For example, if we suppose Brad and Angelina are not married to each other but Brad prefers Angelina to his own wife. Then Brad must have proposed to Angelina at some stage and subsequently been rejected in favor to someone that Angelina liked better. It is clear that Angelina prefers her husband to Brad implying there is no instability.  The application of this theory is visible if we assume a set of four men (A,B,C,D) and four women (1,2,3,4)[3]: if the procedure is repeated ten times, it will result in one set of stable marriages indicated by the shadowed entries in the matrix (where the first number is the ranking of women by the men). Moreover, Gale and Shapley prove that this final set of marriages is not just stable, but also optimal for each person involved (the proof is by induction, and might be an entertaining way to practice you theorem-proofing skills!)

M/F

1

2

3

5

A

1,3

2,3

3,2

4,3

B

1,4

4,1

3,3

2,2

C

2,2

1,4

3,4

4,1

D

4,1

2,2

3,1

1,4

Quite clearly even after reading the article, I was not a bit convinced that any “model in economics” and “marriage and love” should even be mentioned in the same  sentence. The only thing I have to say in defense of Gale and Shapley is their admittance in the conclusion “that they have abandoned reality altogether”, although I still have trouble understanding how one can assume that the graduate admission process – specifically intended to be emotionless and unbiased to ensure fairness – could be applied to the stability of love and marriage, as I can’t think of many things more based on emotions and irrationality. So,dear (future) economists, please at least stay away from the topic of love (and marriage). Let’s leave a bit of spontaneity, a bit of emotions , a bit of mystery in our lives. Let’s minimize our R-squared in the topic of love. If we regress and forecast everything starting from our future monthly earnings to how intelligent our second child will be, shouldn’t we leave at least this one thing to chance? And since I cannot find a better way to say this, I will rephrase Einstein…”It would be possible to describe everything scientifically, but it would make no sense; it would be without meaning, as if you described a Beethoven symphony as a variation of wave pressure.”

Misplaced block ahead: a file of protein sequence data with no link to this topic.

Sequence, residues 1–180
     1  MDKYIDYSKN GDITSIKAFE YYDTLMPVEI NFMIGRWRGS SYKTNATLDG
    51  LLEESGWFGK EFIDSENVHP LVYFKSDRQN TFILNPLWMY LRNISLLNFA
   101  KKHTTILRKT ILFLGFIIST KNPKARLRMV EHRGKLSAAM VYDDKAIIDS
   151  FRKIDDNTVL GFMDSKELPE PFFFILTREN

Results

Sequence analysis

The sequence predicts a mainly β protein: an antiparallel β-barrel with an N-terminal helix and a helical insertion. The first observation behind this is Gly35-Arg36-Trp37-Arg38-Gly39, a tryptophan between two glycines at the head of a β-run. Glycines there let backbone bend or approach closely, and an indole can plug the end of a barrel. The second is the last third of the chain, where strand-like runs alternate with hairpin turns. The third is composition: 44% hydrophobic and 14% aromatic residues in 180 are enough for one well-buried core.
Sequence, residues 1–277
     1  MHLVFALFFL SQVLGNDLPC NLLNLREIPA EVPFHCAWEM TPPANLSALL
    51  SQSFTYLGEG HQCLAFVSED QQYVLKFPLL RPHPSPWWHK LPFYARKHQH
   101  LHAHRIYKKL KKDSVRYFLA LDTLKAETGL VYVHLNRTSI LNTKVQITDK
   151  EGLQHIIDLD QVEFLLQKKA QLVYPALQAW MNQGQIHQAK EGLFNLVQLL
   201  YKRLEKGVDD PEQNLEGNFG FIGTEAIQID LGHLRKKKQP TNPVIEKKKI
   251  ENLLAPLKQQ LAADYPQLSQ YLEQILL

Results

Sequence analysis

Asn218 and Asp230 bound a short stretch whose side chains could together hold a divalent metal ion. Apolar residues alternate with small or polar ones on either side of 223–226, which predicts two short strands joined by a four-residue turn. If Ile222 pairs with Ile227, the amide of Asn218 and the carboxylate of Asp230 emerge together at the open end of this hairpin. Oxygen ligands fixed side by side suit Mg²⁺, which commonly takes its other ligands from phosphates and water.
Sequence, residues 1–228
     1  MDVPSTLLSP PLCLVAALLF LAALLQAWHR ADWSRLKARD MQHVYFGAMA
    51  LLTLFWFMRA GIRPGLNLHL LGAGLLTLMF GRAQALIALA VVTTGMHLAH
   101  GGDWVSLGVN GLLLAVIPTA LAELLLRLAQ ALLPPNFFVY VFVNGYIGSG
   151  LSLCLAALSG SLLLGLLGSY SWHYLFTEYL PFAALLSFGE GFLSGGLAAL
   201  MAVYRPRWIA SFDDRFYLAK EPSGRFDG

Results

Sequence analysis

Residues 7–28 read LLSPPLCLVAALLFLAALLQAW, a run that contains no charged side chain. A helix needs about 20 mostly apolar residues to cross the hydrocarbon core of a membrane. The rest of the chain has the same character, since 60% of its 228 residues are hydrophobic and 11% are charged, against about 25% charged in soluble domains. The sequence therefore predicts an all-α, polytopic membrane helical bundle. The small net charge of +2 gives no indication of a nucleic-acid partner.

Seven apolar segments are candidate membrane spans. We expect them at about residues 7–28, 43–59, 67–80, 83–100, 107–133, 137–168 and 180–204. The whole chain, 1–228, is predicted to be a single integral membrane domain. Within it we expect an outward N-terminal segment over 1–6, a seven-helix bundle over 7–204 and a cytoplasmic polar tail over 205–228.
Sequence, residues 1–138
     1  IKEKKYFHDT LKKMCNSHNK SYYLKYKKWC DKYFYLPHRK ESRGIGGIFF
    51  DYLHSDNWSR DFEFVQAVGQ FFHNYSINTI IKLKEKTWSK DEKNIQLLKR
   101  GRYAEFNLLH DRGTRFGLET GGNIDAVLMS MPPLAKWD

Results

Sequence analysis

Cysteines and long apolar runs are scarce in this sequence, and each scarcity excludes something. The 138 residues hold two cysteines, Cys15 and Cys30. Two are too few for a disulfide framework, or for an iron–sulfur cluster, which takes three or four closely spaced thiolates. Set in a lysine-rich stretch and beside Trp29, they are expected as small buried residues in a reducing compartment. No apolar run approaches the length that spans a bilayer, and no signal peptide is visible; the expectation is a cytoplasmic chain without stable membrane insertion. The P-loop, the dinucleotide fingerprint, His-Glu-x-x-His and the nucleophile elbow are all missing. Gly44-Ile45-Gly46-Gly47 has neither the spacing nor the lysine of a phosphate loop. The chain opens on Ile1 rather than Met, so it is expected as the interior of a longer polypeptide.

Reference: Gale, D., Shapley, L.S. (1962): College admission and the Stability of Marriage, The American Mathematical Monthly Review, Vol. 69, 9-15


[1]Definition. An assignment of applicants to colleges will be called unstable if there are two applicants a and b who are assigned to colleges A and B, respectively, although b prefers A to B and A prefers b to a.

[2] (Gale and Shapley do must think women are quite cruel!)

[3] It is not a necessary condition that there is an equal number of women and men. See the paper for further on this.

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4 Comments
  1. Guillaume Haeringer permalink
    March 8, 2013 23:54

    The “marriage” story in the Gale-Shapley model is just a phrasing. There’s no intention to say that this is the way we should marry people (albeit, dating agencies do proceed a bit like in the Gale-Shapley model). There is however a (very large) literature in economics on marriage, that started with Gary Becker (also a Nobel laureate). This literature is often referred to as “family economics”. Economists do not want to enter into the sentimental aspect of marriage, but they do observe that, in the aggregate, people tend to marry individuals with similar levels of education, revenue, etc. Some recent works also show how the “stability of marriage” (i.e., divorce) depend on specific regulations such as how the household’s wealth is split in case of divorce. At the individual level there are sentiments, but in the aggregate we do observe some “economic” regularities.

  2. Ria Ivandic permalink
    March 9, 2013 17:23

    Professor Haeringer thank you very much for your comprehensive comment, it feels both exciting and intimidating being read by professors at such an early stage of the blog. Although being very aware that Gale and Shapley in their article use “the marriage story” only as a phrase to explain their example, I still cannot run away from my personal opinion that particularly when it comes to marriage (if we can naively adopt the perhaps traditional concept of marriage as one being based on love), economic explanations should be let aside. However, that is not to say that family economics is not a relevant area of economic research, for example understanding fertility is of crucial value today both in the developed and developing world. If you have time and interest, it would be very interesting if you could, from an expert’s point of view, summarize recent developments in this area through your own personal view, or introduce readers of this blog to your current research in the areas of matching and game theory. The blog is indeed intended to serve as an interactive platform for students and experts.